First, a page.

“My first thought was to kill myself and the baby. I felt I had made such a big mistake.
My mum was stressed with my pregnancy. She is sick and I could see her cry. I had promised my parents that I was going to finish school.”
Her story, is almost similar to that of Esther, again not her real name. She gave birth one week ago at a time she was planning to join university. She is now 20 years old.
“I got pregnant when I finished my form four. Unfortunately, I couldn’t join university. I was thinking of abortion because my mother chased me from home.”
“It is the girl who bears the cost of pregnancy. Their education is affected while the man who impregnated the girl continues with their lives or education. We have had 23 girls who have gone through our program,” says Monica.
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These teenage mothers struggle to stay in school, provide for their new babies and negotiate changed relationships with their friends and families.
“The care mothers are teaching us to grow knowing God. I have learnt to preach while here, plus so many other things that I couldn’t have learnt if I were back home.” One of the teen mom said.
Jeniffer Alusa is a mother of four and for the last 12 years she has been working with Kenya Youth For Christ (YFC) now she is a care mother at the safe house.
“When these girls come in they are very depressed but as we build relationships they start to share.”
Poverty and lack of proper and appropriate sex education are just some of the contributing factors leading to the high teenage pregnancy rate in Kenya.
“Some of these girls are growing in such a difficult environment. Their families can’t afford 3 meals a day, leave alone one meal per day.”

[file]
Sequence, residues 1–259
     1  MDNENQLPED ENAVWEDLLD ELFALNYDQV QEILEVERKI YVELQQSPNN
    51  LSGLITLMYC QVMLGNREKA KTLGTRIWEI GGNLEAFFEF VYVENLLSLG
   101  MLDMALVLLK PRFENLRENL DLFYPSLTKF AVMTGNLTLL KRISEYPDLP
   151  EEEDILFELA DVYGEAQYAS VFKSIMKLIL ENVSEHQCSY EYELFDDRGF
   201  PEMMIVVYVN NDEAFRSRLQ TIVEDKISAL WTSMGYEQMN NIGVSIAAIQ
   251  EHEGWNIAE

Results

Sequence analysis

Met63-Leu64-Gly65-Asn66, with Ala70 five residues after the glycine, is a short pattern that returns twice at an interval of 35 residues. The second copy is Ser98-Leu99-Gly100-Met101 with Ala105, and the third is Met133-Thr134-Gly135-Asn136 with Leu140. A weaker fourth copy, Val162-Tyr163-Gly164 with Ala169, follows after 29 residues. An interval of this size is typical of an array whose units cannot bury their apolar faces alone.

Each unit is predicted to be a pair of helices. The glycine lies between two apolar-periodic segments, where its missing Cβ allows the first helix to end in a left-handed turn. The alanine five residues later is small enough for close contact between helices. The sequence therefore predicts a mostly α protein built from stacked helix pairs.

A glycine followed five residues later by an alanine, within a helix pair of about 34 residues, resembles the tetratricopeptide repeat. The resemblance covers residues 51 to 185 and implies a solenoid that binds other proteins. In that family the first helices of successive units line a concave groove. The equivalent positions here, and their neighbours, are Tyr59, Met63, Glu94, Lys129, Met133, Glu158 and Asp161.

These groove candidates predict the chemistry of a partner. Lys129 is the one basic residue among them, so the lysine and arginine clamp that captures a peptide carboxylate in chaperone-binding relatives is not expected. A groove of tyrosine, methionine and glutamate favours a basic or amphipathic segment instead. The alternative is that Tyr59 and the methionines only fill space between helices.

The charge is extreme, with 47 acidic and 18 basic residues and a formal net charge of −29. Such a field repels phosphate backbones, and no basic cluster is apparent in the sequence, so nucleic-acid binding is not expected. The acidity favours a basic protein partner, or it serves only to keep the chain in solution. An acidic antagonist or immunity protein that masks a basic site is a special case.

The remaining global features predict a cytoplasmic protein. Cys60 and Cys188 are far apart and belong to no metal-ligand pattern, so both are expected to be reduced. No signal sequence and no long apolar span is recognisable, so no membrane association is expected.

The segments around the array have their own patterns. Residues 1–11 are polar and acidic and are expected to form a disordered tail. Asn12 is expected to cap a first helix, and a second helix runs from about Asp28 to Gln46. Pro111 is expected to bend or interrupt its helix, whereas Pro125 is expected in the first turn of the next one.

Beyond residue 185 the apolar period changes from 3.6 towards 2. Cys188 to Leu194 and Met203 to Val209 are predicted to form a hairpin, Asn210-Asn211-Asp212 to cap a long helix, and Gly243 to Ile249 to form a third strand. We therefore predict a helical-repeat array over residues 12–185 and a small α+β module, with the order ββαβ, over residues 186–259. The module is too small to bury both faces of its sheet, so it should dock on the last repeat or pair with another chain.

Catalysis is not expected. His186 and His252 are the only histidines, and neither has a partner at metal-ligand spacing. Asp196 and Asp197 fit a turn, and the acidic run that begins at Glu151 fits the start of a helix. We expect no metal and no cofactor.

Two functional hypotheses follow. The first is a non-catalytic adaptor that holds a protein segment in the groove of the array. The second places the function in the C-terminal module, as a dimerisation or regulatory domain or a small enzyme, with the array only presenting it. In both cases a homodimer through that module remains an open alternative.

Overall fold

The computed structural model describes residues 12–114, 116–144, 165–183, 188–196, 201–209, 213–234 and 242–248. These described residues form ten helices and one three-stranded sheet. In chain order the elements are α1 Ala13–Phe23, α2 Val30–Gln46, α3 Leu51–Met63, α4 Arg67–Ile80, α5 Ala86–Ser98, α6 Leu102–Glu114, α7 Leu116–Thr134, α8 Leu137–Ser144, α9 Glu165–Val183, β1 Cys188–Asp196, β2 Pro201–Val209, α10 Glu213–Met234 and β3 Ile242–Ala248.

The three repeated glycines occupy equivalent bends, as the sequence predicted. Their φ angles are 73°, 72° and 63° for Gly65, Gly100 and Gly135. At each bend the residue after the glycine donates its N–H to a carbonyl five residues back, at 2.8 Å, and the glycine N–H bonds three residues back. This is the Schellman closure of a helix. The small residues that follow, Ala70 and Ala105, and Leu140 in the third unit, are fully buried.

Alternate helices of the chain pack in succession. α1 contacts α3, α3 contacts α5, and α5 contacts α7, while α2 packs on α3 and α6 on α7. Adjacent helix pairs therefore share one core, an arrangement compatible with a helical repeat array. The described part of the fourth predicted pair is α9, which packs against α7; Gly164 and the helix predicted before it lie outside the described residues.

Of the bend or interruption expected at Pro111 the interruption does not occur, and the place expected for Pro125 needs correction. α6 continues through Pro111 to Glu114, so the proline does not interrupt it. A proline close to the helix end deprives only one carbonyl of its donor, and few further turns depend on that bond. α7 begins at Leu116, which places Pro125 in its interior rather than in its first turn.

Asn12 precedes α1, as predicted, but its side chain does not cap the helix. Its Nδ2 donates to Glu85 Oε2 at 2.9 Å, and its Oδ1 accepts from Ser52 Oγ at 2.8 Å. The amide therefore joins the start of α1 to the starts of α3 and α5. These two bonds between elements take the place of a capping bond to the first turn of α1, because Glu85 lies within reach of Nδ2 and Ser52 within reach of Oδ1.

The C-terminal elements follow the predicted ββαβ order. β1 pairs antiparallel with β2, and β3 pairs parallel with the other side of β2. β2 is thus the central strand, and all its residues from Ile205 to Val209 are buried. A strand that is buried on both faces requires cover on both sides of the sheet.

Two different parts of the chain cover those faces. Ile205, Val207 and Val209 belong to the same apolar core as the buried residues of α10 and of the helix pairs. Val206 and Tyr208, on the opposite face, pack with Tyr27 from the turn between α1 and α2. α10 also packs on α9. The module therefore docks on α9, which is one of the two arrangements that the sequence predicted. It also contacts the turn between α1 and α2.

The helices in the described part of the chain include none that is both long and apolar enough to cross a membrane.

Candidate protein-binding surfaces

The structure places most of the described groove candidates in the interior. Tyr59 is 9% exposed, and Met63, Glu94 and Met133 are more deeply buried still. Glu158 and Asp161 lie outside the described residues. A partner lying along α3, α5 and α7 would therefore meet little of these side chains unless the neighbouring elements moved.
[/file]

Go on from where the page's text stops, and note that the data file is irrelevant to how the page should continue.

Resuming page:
The harsh reality of teenage pregnancy opens your eyes to unfortunate situation where kids are raising kids.
It is not just an advocacy for abstinence and life skills training program, it is a spiritual journey.
“We encourage them to believe in God and that God the Father in heaven loves them. We have to take them through the Bible, daily devotions and prayer. It is like a Sunday school program for 19 year olds and once they accept the love of Christ, they experience a lot of peace,” Monica Katale
Youth for Christ Kenya began in 1975. Their main focus is evangelism and discipleship. To them, the kingdom of God belongs to those who are like these children. They are the future and to secure this future, they advocate for abstinence, sexual purity and empower the youth to uphold the sanctity of human life.
“That’s what we have been called to do and connect these girls to Christ.
My Joy is to see them grow spiritually, every day I speak a word of life to them and their babies,” Jeniffer Alusa, Care Mother.
“We teach them the values of who they are. We have to tell them that the child is a blessing even if they don’t see it now. It is a journey to know God.” Elizabeth Ondoro, Care Mother, Kimbilio Safe House
They have acknowledged that young people are our greatest asset as a nation, so they do more than just ministry, they train and equip the girls with skills for self-sufficiency. This is their residence of solace from reality of their past.
“As a church and Christian organizations we should not shy away in giving our young people information about sex and sexuality because the world is giving them information and giving them in plenty. As Christians we need to be at the forefront, we need to tell them what the word of God is saying about sex.”
“When I hold my child, I sometimes wonder why I had wanted to take abortion pills and kill the baby. Knowing God has given me peace.” Teen mom
As the country strives to implement policies to reduce teenage pregnancies to below 10 per cent by the year 2030, access to age appropriate sexual and reproductive health education as well as facilities to carter for adolescent needs requires more work a progress that can be achieved through collaboration and partnership with institutions like Kenya Youth For Christ.